Millie’s UK University Highlight: First Stop, Oxford!
Article written and edited by Yadavi Madani.
Whether you want to visit Oxford to see the halls of Hogwarts or you're thinking of studying there (Oxford, that is, not Hogwarts), here's a quick overview of the University of Oxford!
Situated in Central Southern England, the University of Oxford is one of the most prestigious universities in the world, ranking 1st in the UK (Complete University Guide 2022) and 2nd worldwide (QS World University Ranking 2022). What makes Oxford truly special is not just its rigorous academics but also its unique campus atmosphere, with majestic colleges dating back to the 13th century and its commitment to each student through small seminar groups. It is one of the few universities in the UK to offer a collegiate system, providing students with a sense of community unlike what is found in other university halls.
There's a major for everyone at Oxford, whether you want to channel your inner artist in Fine Art, test your scientific prowess in Materials Science, or study the intriguing combination of Mathematics and Philosophy. Here are some of its top-ranked majors.
English Language and Literature - Ranked #1
- IB: 38 points with 666 in Higher Levels (including English Lit or Lang Lit)
- A-Levels: AAA including English Lit or Lang Lit
- AP: 5, 5, 5 or more subjects
Archaeology and Anthropology - Ranked #1
- IB: 38 points with 666 in Higher Levels
- A-Levels: AAA
- AP: 5, 5, 5 or more subjects
Medicine - Ranked #2
- IB: 39 points with 7 in Higher Level Chemistry and 6s in other Higher Levels (including Biology, Physics or Maths)
- A-Levels: A*AA with A in Chemistry and Biology, Physics or Maths
- AP: 5, 5, 5 or more subjects including Chemistry and Biology, Physics or Calc
Things unique to Oxford
Before applying to Oxford, there are a few things to note that makes it different from other universities.
#1 - Colleges
In a collegiate system, the university is divided into multiple colleges that relate to the university in a sort of federal system. Oxford has 39 colleges, each with its own characteristics; some even host balls (yes, actual gown-wearing balls). Add to that its mix of Gothic and Baroque architecture, and you have yourself the full Hogwarts experience. Here’s a quick highlight of some of Oxford’s colleges:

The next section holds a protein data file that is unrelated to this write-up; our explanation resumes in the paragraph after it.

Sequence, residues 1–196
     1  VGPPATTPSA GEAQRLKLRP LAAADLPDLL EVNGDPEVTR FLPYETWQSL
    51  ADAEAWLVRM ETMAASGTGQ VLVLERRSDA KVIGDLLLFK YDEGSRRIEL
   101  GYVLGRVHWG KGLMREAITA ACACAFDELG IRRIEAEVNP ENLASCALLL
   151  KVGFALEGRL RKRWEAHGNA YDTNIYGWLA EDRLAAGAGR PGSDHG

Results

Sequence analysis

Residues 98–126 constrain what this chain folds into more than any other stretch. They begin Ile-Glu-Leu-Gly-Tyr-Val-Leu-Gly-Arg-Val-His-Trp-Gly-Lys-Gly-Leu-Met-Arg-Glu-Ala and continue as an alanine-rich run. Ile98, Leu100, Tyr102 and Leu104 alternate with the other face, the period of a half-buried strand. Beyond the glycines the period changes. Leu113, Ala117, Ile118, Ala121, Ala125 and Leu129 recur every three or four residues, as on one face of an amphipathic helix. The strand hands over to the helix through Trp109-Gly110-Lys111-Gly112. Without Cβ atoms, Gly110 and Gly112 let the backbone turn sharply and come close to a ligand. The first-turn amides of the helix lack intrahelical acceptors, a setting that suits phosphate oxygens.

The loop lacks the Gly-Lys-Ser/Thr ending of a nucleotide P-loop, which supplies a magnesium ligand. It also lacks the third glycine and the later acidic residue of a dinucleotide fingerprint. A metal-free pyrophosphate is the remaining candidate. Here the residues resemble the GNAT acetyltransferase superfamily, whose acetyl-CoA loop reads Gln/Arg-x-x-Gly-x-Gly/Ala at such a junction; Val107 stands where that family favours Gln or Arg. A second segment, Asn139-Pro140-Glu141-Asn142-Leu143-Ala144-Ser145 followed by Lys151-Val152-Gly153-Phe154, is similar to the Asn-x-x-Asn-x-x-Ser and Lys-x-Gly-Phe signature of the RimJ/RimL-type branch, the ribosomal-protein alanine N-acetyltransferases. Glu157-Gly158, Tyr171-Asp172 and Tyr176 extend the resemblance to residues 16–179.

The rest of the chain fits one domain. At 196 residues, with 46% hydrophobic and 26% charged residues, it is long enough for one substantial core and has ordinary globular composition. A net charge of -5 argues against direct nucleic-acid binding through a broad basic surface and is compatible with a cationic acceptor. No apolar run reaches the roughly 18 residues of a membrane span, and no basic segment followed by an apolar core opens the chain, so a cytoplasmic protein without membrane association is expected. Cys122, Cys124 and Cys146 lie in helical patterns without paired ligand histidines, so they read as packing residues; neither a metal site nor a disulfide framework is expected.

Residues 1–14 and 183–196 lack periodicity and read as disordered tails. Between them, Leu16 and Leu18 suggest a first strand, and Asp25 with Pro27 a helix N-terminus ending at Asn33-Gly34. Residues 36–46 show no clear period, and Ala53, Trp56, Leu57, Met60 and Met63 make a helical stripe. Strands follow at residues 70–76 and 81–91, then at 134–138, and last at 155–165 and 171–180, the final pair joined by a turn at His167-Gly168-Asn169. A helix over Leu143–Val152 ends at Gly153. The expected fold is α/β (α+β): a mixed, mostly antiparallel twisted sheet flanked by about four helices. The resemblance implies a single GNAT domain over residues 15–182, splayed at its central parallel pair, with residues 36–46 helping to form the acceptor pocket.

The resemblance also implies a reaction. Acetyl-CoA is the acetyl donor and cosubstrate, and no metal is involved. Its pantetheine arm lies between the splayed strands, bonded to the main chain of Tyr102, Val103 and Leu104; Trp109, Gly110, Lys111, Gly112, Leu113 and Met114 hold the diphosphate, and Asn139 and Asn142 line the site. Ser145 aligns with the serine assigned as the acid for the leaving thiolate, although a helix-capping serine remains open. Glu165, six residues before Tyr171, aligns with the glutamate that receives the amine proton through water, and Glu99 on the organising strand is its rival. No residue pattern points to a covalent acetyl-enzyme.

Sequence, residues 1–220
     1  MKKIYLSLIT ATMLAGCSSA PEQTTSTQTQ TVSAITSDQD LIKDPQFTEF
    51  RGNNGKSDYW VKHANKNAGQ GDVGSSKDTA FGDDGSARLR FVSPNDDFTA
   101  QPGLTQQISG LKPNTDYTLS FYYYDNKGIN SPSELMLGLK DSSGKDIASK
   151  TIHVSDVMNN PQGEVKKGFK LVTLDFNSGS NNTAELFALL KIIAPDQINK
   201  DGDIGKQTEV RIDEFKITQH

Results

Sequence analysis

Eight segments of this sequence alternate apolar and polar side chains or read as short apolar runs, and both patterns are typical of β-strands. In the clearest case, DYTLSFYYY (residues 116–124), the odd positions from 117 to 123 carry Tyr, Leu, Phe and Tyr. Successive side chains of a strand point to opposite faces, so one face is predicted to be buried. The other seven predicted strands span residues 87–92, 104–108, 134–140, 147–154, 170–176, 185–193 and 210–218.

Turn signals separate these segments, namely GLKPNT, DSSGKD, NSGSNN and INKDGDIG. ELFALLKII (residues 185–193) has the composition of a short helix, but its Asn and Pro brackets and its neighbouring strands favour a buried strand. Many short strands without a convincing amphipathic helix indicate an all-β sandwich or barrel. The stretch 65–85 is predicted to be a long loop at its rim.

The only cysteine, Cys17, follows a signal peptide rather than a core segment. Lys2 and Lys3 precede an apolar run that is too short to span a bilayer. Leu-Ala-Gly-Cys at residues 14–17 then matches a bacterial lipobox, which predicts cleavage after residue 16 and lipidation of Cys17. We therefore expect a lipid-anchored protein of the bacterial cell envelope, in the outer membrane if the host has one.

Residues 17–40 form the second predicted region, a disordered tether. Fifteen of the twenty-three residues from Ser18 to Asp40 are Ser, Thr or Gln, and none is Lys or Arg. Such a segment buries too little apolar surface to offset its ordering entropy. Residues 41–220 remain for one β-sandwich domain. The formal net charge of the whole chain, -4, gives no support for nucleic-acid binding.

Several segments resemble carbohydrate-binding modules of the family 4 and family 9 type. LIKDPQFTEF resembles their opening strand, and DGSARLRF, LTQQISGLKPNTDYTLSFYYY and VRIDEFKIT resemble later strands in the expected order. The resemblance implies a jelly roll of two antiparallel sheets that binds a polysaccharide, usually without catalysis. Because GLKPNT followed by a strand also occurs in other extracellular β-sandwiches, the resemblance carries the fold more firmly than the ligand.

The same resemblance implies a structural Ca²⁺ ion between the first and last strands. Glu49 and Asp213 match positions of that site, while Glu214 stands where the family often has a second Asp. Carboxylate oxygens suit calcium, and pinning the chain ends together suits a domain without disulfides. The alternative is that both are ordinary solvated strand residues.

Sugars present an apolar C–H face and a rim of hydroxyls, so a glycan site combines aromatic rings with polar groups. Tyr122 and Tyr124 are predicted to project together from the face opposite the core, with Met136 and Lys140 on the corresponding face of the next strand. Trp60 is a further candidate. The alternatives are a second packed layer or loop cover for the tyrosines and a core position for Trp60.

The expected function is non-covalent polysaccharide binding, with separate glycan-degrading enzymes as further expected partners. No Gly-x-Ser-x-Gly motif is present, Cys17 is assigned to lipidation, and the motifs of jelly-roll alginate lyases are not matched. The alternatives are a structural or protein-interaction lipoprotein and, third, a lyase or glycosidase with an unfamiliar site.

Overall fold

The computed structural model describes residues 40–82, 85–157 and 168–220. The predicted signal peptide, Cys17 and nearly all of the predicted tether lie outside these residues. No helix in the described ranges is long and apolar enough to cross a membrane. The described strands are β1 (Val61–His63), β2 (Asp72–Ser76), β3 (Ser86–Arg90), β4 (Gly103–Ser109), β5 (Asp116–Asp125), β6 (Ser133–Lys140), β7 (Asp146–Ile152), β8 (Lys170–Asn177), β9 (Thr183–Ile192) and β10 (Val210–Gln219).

Here’s a quick highlight of some of Oxford’s colleges:
- St. Catherine’s College: Affectionately known as St. Catz, this is the youngest college in Oxford, having been founded in 1962. This contrasts with the older architecture of traditional Oxford colleges, as it sports more modern buildings. It ranks 2nd on the Norrington Table, a measure of student performance in their finals, thus boasting a strong academic record. Find out more about St. Catz College here.
- Keble College: Keble opened in 1870 in memory of John Keble. It houses more than 800 students, making it one of Oxford’s largest colleges. Keble ranks 19th on the Norrington Table, maintaining a strong academic standing while providing students a less pressured atmosphere during finals. It has been informally dubbed the “lasagna building” due to its redbrick polychromatic brickwork! Find more about Keble College here.
- St. Hugh’s College: Lastly, St. Hugh’s was founded in 1886 with the purpose of providing an Oxford education to women, making it one of the most radical and forward-thinking colleges of its time. Now, the college is open to both men and women and houses over 800 students, making it another of Oxford’s larger colleges. St. Hugh’s ranks 30th on the Norrington Table. In addition to its many students, the college is also home to resident cats: Admiral Flapjack and Professor Biscuit! Find more about St. Hugh’s College here.